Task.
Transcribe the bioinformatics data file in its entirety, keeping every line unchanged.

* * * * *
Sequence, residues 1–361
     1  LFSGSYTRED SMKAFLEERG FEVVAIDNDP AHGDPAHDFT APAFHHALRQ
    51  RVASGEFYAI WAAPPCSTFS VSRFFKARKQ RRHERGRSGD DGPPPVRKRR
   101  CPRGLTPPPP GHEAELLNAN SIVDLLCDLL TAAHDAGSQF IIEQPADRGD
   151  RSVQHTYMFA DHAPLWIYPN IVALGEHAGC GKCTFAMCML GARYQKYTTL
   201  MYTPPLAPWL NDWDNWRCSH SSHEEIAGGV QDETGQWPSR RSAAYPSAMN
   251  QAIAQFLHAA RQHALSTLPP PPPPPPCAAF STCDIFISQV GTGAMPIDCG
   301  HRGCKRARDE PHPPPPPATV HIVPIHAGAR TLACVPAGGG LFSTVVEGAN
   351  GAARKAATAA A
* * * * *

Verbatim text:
Sequence, residues 1–361
     1  LFSGSYTRED SMKAFLEERG FEVVAIDNDP AHGDPAHDFT APAFHHALRQ
    51  RVASGEFYAI WAAPPCSTFS VSRFFKARKQ RRHERGRSGD DGPPPVRKRR
   101  CPRGLTPPPP GHEAELLNAN SIVDLLCDLL TAAHDAGSQF IIEQPADRGD
   151  RSVQHTYMFA DHAPLWIYPN IVALGEHAGC GKCTFAMCML GARYQKYTTL
   201  MYTPPLAPWL NDWDNWRCSH SSHEEIAGGV QDETGQWPSR RSAAYPSAMN
   251  QAIAQFLHAA RQHALSTLPP PPPPPPCAAF STCDIFISQV GTGAMPIDCG
   301  HRGCKRARDE PHPPPPPATV HIVPIHAGAR TLACVPAGGG LFSTVVEGAN
   351  GAARKAATAA A